Making money is, however, proving to be a problem, and the rumoured $1bn price tag for WhatsApp raised a few eyebrows. But its existing 250 million user-base would be tremendously useful to Google, which has long planned a free, cross-platform messaging service. But "free" is a misnomer, of course.

None of these services are truly free; you pay with information, or time spent looking at adverts. The question that's going to face consumers is this: would you rather pay a few pence for calls and texts, or allow Google or Facebook to take that responsibility in return for some of your data? As ever, the trade-off between our money and our privacy is a deeply intriguing one.

Life and Style
love + sex
Life and Style
Tikka Masala has been overtaken by Jalfrezi as the nation's most popular curry
food + drink
News
people
Voices
A propaganda video shows Isis forces near Tikrit
voicesAdam Walker: The Koran has violent passages, but it also has others that explicitly tells us how to interpret them
Life and Style
ebookNow available in paperback
ebooks
ebookPart of The Independent’s new eBook series The Great Composers
Latest stories from i100
Have you tried new the Independent Digital Edition apps?
Independent Dating
and  

By clicking 'Search' you
are agreeing to our
Terms of Use.

ES Rentals

    iJobs Job Widget
    iJobs Gadgets & Tech

    Recruitment Genius: ASP.NET Developer / Programmer - SQL, MVC, C#

    £35000 - £45000 per annum: Recruitment Genius: This distributor and wholesaler...

    Ashdown Group: HR Advisor - Bedfordshire - £30,000 + Excellent package

    £28000 - £30000 per annum + Bonus, Pension, 25days hol, PHC +: Ashdown Group: ...

    Recruitment Genius: Bookkeeper / Credit Controller

    £20000 - £24000 per annum: Recruitment Genius: The successful candidate will h...

    SThree: Trainee Recruitment Consultant

    £18000 - £23000 per annum + OTE: SThree: SThree are a global FTSE 250 business...

    Day In a Page

    Syrian conflict is the world's first 'climate change war', say scientists, but it won't be the last one

    Climate change key in Syrian conflict

    And it will trigger more war in future
    How I outwitted the Gestapo

    How I outwitted the Gestapo

    My life as a Jew in wartime Berlin
    The nation's favourite animal revealed

    The nation's favourite animal revealed

    Women like cuddly creatures whilst men like creepy-crawlies
    Is this the way to get young people to vote?

    Getting young people to vote

    From #VOTESELFISH to Bite the Ballot
    Poldark star Heida Reed: 'I don't think a single bodice gets ripped'

    Poldark star Heida Reed

    'I don't think a single bodice gets ripped'
    The difference between America and Israel? There isn’t one

    The difference between America and Israel? There isn’t one

    Netanyahu knows he can get away with anything in America, says Robert Fisk
    Families clubbing together to build their own affordable accommodation

    Do It Yourself approach to securing a new house

    Community land trusts marking a new trend for taking the initiative away from developers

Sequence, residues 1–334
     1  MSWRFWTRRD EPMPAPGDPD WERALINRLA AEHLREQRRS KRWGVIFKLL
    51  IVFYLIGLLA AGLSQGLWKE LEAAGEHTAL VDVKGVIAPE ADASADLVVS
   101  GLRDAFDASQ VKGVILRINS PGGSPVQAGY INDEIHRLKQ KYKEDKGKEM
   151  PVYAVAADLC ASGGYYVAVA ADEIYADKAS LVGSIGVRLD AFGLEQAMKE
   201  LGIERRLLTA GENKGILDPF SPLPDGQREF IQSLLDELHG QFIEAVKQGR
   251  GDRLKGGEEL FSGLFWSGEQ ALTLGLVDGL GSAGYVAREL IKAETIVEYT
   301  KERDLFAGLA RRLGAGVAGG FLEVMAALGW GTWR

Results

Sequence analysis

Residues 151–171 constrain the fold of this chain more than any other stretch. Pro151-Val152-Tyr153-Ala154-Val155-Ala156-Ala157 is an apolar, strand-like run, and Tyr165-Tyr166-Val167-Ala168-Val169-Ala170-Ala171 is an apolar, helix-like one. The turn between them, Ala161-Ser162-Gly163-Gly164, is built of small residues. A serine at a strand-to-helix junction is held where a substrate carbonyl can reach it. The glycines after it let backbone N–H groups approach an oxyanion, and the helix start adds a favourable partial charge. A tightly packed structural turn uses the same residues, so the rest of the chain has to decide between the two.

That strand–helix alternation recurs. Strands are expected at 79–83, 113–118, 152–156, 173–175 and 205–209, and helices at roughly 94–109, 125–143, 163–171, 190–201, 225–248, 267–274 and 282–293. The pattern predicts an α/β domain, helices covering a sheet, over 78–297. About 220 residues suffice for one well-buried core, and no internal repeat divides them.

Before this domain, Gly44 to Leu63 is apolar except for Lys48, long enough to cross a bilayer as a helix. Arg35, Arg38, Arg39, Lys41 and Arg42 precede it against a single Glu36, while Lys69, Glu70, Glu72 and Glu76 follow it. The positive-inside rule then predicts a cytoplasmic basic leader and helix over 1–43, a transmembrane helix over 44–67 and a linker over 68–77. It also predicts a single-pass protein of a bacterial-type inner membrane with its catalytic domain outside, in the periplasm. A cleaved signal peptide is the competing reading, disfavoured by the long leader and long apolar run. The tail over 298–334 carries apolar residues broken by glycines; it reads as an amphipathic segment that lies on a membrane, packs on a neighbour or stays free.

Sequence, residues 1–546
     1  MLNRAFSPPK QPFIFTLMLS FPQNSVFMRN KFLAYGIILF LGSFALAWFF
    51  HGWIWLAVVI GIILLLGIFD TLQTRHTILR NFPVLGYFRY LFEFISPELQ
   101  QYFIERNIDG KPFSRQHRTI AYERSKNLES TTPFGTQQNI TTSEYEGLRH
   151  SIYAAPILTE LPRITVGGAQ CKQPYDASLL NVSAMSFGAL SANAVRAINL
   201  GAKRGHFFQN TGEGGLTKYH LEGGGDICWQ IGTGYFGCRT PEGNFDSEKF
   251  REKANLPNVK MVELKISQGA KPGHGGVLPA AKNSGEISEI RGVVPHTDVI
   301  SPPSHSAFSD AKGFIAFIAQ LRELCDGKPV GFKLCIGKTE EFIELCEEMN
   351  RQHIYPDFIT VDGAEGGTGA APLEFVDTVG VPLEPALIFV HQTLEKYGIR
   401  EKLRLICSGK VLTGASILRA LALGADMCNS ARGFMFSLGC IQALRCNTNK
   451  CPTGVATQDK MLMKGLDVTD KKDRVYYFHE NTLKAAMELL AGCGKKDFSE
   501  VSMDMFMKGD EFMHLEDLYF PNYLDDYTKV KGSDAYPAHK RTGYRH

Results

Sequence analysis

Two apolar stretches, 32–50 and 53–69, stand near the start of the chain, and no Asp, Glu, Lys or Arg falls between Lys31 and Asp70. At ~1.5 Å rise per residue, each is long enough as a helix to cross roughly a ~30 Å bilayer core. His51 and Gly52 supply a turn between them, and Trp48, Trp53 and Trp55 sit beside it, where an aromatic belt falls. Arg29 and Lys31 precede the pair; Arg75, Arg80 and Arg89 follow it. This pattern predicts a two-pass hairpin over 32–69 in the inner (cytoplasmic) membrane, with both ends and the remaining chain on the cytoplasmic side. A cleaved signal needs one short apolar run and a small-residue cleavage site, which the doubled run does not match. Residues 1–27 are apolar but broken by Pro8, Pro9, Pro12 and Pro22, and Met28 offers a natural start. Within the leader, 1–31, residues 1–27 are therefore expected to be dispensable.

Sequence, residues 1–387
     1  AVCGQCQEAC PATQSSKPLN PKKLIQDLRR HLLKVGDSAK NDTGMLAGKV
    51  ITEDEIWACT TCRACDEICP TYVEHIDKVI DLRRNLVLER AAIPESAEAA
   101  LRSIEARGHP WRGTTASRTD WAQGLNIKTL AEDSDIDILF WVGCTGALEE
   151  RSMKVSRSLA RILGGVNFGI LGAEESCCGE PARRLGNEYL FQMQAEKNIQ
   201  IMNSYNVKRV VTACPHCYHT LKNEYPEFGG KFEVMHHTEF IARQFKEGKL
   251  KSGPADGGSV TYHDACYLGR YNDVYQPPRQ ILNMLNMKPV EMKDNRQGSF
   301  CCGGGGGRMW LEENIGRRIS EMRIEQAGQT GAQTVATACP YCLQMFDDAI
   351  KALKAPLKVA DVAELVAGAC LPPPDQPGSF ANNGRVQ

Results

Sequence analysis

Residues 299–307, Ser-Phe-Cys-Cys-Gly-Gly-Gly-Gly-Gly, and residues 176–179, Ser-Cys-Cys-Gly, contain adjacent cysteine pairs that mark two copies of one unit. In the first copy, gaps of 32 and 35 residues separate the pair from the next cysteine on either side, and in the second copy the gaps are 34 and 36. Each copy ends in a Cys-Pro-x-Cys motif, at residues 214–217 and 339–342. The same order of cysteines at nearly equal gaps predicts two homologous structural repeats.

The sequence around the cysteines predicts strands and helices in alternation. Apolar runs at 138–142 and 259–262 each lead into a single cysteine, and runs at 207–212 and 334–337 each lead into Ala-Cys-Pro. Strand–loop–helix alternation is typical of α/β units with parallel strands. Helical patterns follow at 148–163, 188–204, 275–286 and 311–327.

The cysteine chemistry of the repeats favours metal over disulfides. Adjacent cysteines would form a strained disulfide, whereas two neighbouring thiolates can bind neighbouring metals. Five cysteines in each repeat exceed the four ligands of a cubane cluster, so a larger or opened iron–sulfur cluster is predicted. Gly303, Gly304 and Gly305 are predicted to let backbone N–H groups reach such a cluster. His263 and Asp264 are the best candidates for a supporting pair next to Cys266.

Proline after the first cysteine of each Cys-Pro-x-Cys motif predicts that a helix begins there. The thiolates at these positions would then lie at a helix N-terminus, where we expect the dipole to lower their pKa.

Head of WWF UK: We didn’t send Cameron to the Arctic to see green ideas freeze

    David Nussbaum: We didn’t send Cameron to the Arctic to see green ideas freeze

    The head of WWF UK remains sanguine despite the Government’s failure to live up to its pledges on the environment
    Author Kazuo Ishiguro on being inspired by shoot-outs and samurai

    Author Kazuo Ishiguro on being inspired by shoot-outs and samurai

    Set in a mythologised 5th-century Britain, ‘The Buried Giant’ is a strange beast
    With money, corruption and drugs, this monk fears Buddhism in Thailand is a ‘poisoned fruit’

    Money, corruption and drugs

    The monk who fears Buddhism in Thailand is a ‘poisoned fruit’
    America's first slavery museum established at Django Unchained plantation - 150 years after slavery outlawed

    150 years after it was outlawed...

    ... America's first slavery museum is established in Louisiana
    Kelly Clarkson: How I snubbed Simon Cowell and become a Grammy-winning superstar

    Kelly Clarkson: How I snubbed Simon Cowell and become a Grammy-winning superstar

    The first 'American Idol' winner on how she manages to remain her own woman – Jane Austen fascination and all
    Tony Oursler on exploring our uneasy relationship with technology with his new show

    You won't believe your eyes

    Tony Oursler's new show explores our uneasy relationship with technology. He's one of a growing number of artists with that preoccupation
    Ian Herbert: Peter Moores must go. He should never have been brought back to fail again

    Moores must go. He should never have been brought back to fail again

    The England coach leaves players to find solutions - which makes you wonder where he adds value, says Ian Herbert
    War with Isis: Fears that the looming battle for Mosul will unleash 'a million refugees'

    The battle for Mosul will unleash 'a million refugees'

    Aid agencies prepare for vast exodus following planned Iraqi offensive against the Isis-held city, reports Patrick Cockburn